Africa’s prosperity depends on free trade and mobility

Regional integration is key for Africa’s prosperity. To achieve it, policies, systems and practices must be adopted to reduce barriers to access, facilitate people’s freedom of movement, encourage intraregional trade and develop joint strategies. Processes brokered by the African Union (AU) aimed at a single African market for goods and services supported by the free movement of people are instrumental.

In 2018, AU heads of state adopted two complementary instruments. The first was the African Continental Free Trade Area (AfCFTA) agreement. The second was the Protocol to the Treaty Establishing the African Economic Community Relating to Free Movement of Persons, Right of Residence and Right of Establishment (Free Movement Protocol).

Establishing a continental economic community in which goods, services and people move freely is regarded as important in addressing Africa’s developmental challenges and realising the aspirations of Agenda 2063. Mobility is thus intimately intertwined with trade. Several progressive continental policies strengthen the aims of the AfCFTA and the Free Movement Protocol. These include the Migration Policy Framework for Africa, the Single African Air Transport Market and the AU Strategy for a Better Integrated Border Governance. 

The AU hopes that, by 2023, people will be able to move freely among member countries, by, among others, eliminating visa requirements for intra-African travel. A 2023 target is also set for completing the first two phases of the AfCFTA.

The continent is well on track to achieve the free trade milestone, but free movement of people is lagging. Despite understanding that these elements go hand in hand, the pace of ratification and implementation of the two instruments remains asymmetrical. States show more political will for trade.

Unlocking Africa’s potential through trade

The AfCFTA is anticipated to transform Africa and be a significant driver of economic growth and industrialisation. The United Nations Conference on Trade and Development (UNCTAD) estimates that intra-African exports by the end of 2021 were only 14.4%. Both UNCTAD and the UN Economic Commission for Africa (UNECA) believe that the AfCFTA could change this dramatically.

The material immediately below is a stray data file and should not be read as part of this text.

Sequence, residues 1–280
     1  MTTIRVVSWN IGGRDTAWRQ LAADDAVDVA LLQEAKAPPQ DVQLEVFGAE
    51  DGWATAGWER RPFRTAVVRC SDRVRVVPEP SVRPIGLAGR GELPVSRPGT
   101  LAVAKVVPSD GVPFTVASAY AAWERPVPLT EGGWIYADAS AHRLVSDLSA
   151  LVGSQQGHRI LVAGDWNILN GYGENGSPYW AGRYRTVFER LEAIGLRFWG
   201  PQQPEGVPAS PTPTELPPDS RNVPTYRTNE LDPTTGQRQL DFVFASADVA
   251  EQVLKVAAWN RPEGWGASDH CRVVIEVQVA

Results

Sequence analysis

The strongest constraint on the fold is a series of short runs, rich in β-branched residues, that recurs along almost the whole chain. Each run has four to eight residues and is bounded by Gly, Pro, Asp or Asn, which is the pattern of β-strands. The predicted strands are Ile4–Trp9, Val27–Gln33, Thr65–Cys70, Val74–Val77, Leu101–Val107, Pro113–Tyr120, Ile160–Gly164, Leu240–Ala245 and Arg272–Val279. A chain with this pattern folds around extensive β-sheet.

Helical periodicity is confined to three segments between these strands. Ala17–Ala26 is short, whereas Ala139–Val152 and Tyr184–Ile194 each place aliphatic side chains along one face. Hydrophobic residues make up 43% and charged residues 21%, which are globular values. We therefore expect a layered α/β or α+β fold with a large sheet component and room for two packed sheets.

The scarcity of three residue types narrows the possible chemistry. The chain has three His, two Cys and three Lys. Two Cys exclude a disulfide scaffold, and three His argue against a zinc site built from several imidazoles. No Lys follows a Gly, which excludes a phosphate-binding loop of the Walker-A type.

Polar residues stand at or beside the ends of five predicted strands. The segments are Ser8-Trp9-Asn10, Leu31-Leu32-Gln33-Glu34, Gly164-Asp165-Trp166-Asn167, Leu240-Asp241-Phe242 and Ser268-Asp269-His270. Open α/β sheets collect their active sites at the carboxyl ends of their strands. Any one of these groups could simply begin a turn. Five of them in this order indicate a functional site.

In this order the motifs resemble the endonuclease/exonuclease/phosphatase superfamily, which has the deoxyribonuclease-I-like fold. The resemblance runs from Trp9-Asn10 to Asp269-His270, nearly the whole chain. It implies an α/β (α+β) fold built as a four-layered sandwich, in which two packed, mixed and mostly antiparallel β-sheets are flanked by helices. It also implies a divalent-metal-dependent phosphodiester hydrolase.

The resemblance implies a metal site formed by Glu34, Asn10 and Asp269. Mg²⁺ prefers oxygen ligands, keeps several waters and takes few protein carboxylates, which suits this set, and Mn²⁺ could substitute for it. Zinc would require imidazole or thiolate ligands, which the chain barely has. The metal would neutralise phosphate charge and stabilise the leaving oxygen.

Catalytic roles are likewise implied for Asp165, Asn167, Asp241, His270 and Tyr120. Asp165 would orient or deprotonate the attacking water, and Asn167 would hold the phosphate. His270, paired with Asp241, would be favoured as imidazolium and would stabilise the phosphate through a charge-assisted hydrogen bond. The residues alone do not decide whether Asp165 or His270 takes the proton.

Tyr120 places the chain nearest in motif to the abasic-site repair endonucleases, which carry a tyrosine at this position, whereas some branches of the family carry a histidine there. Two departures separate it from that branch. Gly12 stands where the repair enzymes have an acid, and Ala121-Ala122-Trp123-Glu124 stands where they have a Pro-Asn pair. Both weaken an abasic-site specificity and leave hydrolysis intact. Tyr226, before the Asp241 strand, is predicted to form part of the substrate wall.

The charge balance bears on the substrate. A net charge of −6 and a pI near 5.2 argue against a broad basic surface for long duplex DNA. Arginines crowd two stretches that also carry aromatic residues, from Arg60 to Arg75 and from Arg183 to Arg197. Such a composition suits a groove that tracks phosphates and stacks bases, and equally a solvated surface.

Africa is well on track to achieve the free trade milestone, but free movement is lagging

UNECA predicts that the AfCFTA could increase exports by 3%, augmenting the value of intra-African trade by between 15% and 25% (US$50 billion and US$70 billion) by 2040. Informal trade is not included in these statistics.

In Africa, informal cross-border trade is significant and widespread. The value of informal commerce may equal or surpass the value of formal trade for specific goods and countries. African borders are frequently crossed by unregistered companies and informal traders, especially women, who buy and sell goods throughout the continent. However, accurate data is still lacking.

In 2021, UNECA estimates found that informal cross-border trade constituted 7% to 16% of all formal intra-African trade flows. Significantly, between neighbouring countries, informal cross-border trade ranges from 30% to 72% of formal trade. According to UNECA, this has important implications for Africa and collecting data on informal cross-border trade will be key to accurately tracing intracontinental trade flows.

For fragile and conflict-affected states, informal cross-border trade is particularly significant as formal trade channels may be adversely affected. The former provides traders with a market outside the fragmented and potentially failing domestic market. However, even as most states are on board for the free trade area, a few major regional players continue to dominate intra-African trade. This has led to concerns about the uneven distribution of gains between middle-income countries and smaller economies, particularly the least-developed countries.

Mobility and free trade

Migration also plays a crucial role in Africa’s regional integration agenda, by contributing to socio-economic development in countries of both origin and destination. Some studies definitively show increased bilateral trade between recipient and origin countries due to the presence of migrants in a country. It is clear that establishing linkages through capital investment, philanthropy, knowledge transfer and entrepreneurship is crucial. The diaspora is, thus, a key resource.

Studies show increased bilateral trade between countries due to the presence of migrants

In addition, regular migration could significantly contribute to the development of host countries by providing them with the experience, knowledge and services they require from both skilled and unskilled labour. While the positive impact of migration and trade tends to tilt towards recipient countries, the resultant trade imbalance for origin countries could be rectified through remittances and direct investment.